But again, Culadasa’s goals are different than mine, and I think his approach has dangers.

Culadasa’s focus is on systematically learning to keep more and more information out of consciousness, and then maintaining that state, in order to make classical buddhist enlightenment more likely to happen. (“Enlightenment is an accident; meditation makes you more accident prone.”)

Follow his instructions with skill and finesse, in part by stabilizing attention on one thing and not anything else, and, eventually (months to a few years), during a meditation session, consciousness is going to be mostly empty. And, intermittently, consciousness will be completely empty.

And I think Culadasa presents doing that as a pretty unequivocally good thing (TM). Of course, Culadasa I think maintains that being able to do this is not the point, that its a means to an end (the end being classical buddhist enlightenment). And, I expect, nondogmatically, Culadasa expects that you can use his toolkit with any meditation system or belief system.

And, again wonderfully, I believe Culadasa maintains that doing meditation as he teaches minimizes the chances of experiencing really horrible stuff a la the so-called “dark night,” which I’ve written about a few times before [1,2]. It seems he really believes that working in the right order will minimize the chances of bad things happening. (Such as, I’m guessing, temporary psychosis, suicidality, depression, and generally fucking up your life, finances, and relationships, in the extreme.) He could be right! I really don’t know.


Ok. But learning to empty consciousness just seems so… one-sided and extreme. The habits of mind that are being explicitly cultivated are single-minded (pun intended) and all fall on the side of keeping stuff out.

I suspect that a conscientious, patient, sensitive, mature-in-general meditator is going to naturally balance out the meditation practice with more well-rounded habits of mind (flexible, articulated, context-appropriate). Just living one’s life may be counterpoint to hours spent in meditation. And meditation plus daily life can and is intended to have a wonderful symmetry.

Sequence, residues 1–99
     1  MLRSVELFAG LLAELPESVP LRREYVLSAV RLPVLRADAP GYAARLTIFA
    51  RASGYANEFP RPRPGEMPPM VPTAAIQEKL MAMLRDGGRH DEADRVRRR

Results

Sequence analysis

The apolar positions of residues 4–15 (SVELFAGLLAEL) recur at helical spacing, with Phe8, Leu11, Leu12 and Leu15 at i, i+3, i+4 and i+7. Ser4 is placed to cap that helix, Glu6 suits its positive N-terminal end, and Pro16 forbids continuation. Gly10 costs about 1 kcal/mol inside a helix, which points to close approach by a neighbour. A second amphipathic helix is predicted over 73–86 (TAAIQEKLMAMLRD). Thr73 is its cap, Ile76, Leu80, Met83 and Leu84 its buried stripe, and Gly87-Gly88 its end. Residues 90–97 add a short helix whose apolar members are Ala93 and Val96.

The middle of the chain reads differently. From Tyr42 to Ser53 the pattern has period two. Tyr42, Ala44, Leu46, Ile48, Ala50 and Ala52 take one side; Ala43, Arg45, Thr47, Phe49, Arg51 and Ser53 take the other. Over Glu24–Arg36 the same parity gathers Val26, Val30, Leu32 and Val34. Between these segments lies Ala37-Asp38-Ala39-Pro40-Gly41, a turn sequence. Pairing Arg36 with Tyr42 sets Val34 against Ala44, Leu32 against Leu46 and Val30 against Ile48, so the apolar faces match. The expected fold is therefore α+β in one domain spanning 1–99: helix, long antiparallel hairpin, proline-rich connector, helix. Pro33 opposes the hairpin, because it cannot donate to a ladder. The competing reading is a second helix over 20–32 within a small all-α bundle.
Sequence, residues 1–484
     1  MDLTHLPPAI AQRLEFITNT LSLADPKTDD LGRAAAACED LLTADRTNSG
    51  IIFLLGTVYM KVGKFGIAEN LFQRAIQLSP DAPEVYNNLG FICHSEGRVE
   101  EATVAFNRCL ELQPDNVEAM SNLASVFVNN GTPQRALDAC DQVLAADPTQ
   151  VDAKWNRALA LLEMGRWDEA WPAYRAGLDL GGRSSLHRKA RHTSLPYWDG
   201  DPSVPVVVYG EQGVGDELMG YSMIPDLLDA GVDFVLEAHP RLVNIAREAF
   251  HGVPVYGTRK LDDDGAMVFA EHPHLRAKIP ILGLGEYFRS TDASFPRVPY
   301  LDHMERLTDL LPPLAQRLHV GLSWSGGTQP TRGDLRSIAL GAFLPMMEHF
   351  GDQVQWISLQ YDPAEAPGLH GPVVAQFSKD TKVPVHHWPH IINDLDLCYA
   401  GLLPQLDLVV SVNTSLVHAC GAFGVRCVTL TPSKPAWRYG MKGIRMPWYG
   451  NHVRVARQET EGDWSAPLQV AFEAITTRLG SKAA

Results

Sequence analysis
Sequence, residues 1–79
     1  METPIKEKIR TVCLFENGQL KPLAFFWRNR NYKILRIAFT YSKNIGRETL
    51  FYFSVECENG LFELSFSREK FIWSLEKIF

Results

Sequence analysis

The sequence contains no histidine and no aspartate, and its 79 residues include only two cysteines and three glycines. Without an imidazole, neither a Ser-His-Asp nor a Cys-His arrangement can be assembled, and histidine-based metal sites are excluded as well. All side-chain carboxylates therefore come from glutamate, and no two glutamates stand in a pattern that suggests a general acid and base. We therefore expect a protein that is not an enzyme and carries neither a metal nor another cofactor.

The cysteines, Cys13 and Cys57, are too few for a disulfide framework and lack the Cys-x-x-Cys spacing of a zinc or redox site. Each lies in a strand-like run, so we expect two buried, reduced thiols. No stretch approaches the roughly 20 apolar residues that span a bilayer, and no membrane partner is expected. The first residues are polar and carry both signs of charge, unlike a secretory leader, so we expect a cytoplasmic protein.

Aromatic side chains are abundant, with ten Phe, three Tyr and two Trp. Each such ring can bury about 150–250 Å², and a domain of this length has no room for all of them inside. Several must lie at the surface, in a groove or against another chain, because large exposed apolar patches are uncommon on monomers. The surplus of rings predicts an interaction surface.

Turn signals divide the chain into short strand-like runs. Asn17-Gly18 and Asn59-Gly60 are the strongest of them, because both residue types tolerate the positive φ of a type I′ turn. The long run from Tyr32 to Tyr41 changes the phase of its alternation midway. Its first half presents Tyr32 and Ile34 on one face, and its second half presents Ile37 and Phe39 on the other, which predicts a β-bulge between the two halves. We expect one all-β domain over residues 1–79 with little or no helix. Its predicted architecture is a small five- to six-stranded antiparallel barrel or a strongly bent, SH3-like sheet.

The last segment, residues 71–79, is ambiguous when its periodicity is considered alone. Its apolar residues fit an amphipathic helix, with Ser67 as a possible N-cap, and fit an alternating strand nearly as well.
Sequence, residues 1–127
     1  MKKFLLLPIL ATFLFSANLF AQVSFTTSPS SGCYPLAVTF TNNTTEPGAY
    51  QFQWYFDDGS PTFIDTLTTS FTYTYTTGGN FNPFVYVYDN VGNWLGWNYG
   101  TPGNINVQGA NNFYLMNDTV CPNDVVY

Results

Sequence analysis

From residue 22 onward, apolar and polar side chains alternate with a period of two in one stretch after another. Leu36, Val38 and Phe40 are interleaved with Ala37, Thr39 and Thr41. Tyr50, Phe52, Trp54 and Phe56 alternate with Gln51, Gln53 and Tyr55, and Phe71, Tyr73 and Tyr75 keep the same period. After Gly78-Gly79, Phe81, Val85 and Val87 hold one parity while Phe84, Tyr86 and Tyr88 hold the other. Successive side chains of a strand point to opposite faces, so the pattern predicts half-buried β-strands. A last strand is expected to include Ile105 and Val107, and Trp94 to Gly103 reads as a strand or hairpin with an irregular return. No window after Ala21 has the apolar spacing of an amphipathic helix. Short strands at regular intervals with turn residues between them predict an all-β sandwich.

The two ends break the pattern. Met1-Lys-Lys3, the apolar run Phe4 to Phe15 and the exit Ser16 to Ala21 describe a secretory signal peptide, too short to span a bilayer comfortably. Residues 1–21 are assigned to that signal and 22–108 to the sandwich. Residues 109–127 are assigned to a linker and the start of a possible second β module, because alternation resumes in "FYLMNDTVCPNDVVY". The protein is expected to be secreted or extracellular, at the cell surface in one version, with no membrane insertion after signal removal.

And presumably consciousness basically returns to normal after a meditation session, for the vast majority of the journey. But still. How many intense people, who really intend to “go for it,” are going to be “conscientious, patient, sensitive, mature-in-general?” I still think a lot of people are going to hurt themselves.

I’ve always thought it to be far safer to put the bias on putting things *into* consciousness, to turn up the volume on subtle stuff–that it’s just too dangerous to feed the capacity for keeping things out of consciousness (in that indirect, oblique way that “deliberately” keeping stuff out of consciousness seems to work).


Here’s some creepy stuff for you:

You know Jeffery Martin? (As far as I know, he has nothing to do with Culadasa. I’m just making a wider point, here.) I have mad respect for Jeffery Martin, by the way.  (I’ve ranted about his stuff before, too.) Possibly he’s doing intensely irresponsible stuff. I haven’t looked systematically into him. But the way he makes observations and collects data? Mad respect. Anyway, anecdotally, with his system, people are reporting a really consistent, stable, pleasant experience in the end game.

But, if those people get into a situation where a “normal” person would experience strong negative emotions, Martin’s study subjects *give off objective indicators of experiencing those emotions even though they report not consciously experiencing them.* Like, say, if a normal person would be anxious in a particular situation, Martin’s subjects, again who report feeling fine or good, are in fact perhaps shaking, have a loss of fine-motor control, are pale, have increased heart and respiratory rate, and may in fact look really anxious, upset, and jittery. Again, I haven’t witnessed this; it’s anecdotal and second-, third-, or fourth-hand. I think Jeffery Martin himself may have been the one to observe and note this effect and has been completely up front about it.

Anyway, I interpret the above as that, for these people, the brain is registering and reacting to “bad” stuff just fine, *but then not injecting it into consciousness.* (Now, I’m not saying that this is definitely what’s going to happen if you work Culadasa’s system, by the way. I’m saying there’s a risk of this happening, in whole or in part.)

And, I say, “creepy,” because keeping stuff out of consciousness might be just fine if you have a chronic illness or you’re parasite-ridden and dying and there’s no medicine or all sorts of stuff. And I could see it being fine for anyone to have access to this state if they want it and they can figure out how to do it in a non-sticky way.

But, OH MY NON-ANTHROPOMORPHIC GOD. It seems that consciousness is one of the main ways that some parts of the brain talk to other parts of the brain, how some parts of the brain coordinate with other parts of the brain, how some parts of the brain constructively engage with other parts of the brain in ways that are in the overall best interests of the system as a whole.